A trust which runs 12 alternative provision academies has been warned to improve its finances by the government after failing to set a balanced budget for this year.
TBAP multi-academy trust has received a financial notice to improve, which reveals the trust was first given a financial warning by the Education and Skills Funding Agency (ESFA) back in January after it requested funding advances of £300,000.
“Subsequently, the ESFA has had to provide a further £650,000 in advances of funding to support with further financial cashflow deficits. The trust has therefore not been viable without support from the ESFA,” the notice said.
Although it acknowledges that the trust has taken “some strong steps to improve the governance and financial oversight”, the letter notes that the trust has now requested more financial support from the ESFA, failed to set a balanced budget for 2017-18 and failed to establish strong internal financial controls.
The notice, which was written by the Department for Education’s director of the academies and maintained schools group, Mike Pettifer, was addressed to Seamus Oates, the chief executive of TBAP.
Oates has sat on the advisory headteacher board for north west London and south central England since he was appointed in October 2016. Two months later he was made a CBE in the New Years’ Honours list.
TBAP currently runs 12 academies for excluded pupils around London and the east of England, as well as one in Warrington. It also has a commissioning and school support service to intervene in schools and help support challenging pupils.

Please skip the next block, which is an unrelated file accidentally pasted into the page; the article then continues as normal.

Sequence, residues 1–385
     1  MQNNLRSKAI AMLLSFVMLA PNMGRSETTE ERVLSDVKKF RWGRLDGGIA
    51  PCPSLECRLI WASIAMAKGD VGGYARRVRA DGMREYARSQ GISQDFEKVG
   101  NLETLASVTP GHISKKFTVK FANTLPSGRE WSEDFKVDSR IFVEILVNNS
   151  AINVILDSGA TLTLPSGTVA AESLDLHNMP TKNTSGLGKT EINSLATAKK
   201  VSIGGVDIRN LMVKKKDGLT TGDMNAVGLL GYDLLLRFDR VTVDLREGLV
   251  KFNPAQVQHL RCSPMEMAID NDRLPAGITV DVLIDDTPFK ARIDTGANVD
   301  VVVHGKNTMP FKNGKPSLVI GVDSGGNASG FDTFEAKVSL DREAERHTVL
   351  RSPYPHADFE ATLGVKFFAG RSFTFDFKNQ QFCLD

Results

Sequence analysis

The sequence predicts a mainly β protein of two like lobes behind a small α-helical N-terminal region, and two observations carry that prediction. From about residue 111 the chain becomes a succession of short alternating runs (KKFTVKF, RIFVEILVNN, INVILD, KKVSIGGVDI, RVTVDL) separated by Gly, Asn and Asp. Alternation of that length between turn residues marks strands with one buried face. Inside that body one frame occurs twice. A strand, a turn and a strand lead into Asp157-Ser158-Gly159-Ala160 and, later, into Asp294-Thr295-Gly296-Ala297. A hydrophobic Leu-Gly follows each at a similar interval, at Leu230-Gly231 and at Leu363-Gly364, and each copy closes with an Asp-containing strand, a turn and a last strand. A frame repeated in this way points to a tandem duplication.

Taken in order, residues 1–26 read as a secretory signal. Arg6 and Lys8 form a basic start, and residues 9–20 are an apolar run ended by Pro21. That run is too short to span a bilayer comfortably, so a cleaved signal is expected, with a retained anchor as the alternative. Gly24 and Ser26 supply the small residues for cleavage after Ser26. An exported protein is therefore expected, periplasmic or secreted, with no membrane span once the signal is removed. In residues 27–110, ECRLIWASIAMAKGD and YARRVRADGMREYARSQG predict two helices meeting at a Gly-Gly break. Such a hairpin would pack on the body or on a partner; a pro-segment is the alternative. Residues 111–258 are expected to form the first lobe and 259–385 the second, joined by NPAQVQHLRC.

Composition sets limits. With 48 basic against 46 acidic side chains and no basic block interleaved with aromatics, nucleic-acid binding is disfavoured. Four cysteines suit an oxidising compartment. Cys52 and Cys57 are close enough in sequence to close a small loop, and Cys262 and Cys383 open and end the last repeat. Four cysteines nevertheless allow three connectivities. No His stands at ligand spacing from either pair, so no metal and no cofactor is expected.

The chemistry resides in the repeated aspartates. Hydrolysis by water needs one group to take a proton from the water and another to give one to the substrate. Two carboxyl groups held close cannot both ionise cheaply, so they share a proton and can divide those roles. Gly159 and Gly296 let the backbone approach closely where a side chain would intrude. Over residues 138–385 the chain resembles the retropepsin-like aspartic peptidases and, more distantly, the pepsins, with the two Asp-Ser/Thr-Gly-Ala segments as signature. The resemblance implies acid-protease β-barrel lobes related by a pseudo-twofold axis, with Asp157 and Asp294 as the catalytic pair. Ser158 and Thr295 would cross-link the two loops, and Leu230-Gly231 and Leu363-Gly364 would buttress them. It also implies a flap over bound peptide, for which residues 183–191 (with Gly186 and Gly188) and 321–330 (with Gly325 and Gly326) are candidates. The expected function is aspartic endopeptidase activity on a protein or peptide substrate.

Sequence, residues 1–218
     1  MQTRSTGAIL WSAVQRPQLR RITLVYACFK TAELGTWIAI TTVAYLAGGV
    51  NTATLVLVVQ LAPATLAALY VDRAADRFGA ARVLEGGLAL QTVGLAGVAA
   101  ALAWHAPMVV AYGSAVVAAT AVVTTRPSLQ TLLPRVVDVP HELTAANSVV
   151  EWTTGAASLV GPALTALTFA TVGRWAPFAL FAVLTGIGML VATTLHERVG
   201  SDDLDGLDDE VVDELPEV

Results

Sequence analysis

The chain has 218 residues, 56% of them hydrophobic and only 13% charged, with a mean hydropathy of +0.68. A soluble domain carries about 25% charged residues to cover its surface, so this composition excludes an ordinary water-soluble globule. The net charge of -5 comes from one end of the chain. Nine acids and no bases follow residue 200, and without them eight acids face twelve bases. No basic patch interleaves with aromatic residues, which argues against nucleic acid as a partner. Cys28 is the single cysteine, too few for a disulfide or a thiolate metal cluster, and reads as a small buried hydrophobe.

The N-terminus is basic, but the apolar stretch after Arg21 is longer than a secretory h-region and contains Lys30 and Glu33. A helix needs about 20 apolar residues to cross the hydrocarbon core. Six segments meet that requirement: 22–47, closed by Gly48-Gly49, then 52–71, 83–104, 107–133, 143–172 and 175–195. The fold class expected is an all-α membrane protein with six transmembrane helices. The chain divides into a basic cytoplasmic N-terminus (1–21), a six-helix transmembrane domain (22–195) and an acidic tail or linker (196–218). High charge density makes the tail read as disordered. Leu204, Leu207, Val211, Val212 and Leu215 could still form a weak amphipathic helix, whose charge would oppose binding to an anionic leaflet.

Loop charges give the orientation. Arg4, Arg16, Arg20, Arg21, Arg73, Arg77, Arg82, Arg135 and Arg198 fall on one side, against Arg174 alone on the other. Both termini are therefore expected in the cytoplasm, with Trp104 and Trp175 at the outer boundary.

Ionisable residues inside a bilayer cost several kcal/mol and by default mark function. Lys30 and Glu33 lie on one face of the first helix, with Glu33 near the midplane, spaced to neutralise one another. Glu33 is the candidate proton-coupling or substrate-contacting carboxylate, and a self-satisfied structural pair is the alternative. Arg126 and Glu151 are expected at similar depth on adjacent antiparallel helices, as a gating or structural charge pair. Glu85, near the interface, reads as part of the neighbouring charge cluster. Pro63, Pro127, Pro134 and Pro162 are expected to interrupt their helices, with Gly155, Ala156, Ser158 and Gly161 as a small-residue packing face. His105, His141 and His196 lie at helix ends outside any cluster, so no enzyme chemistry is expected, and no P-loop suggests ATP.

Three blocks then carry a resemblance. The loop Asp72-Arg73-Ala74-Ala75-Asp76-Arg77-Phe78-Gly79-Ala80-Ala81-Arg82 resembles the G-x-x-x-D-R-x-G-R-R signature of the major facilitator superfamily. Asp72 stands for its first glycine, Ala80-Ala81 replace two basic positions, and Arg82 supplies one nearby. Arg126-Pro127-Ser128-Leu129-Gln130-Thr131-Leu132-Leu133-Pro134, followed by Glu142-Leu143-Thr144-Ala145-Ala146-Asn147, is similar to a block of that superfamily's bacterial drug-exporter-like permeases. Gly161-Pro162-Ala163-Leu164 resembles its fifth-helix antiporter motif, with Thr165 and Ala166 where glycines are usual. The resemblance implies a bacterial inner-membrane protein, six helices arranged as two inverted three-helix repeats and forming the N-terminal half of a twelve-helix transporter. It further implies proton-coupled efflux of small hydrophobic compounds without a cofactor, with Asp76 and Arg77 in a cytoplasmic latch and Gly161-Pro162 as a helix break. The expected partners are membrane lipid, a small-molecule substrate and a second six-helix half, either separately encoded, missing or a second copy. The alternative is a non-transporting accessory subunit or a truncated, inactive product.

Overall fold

The trust must now fulfil a number of conditions in order to have the notice lifted, including supplying monthly management accounts to the ESFA, completing an independent review of its financial systems and processes before the end of October and producing an updated recovery plan.
It has also been told to increase the regularity of its board meetings, particularly the audit and finance subcommittees, and to agree any changes to board membership in writing with the ESFA.
In a joint statement, Oates and board chair Paul Dix defended TBAP’s academic record but acknowledged “a perfect storm of operational and financial challenges experienced during 2016-17.
“These challenges have had a prolonged impact, which we have only recently been able to fully understand and react to.”
They added the trust had “worked hard to implement strong and appropriate improvements” , including submitting a recovery plan, and was already compliant with many of the measures outlined by the notice.
“We will continue to work closely with the ESFA to ensure significant improvement and progress is made,” the statement said.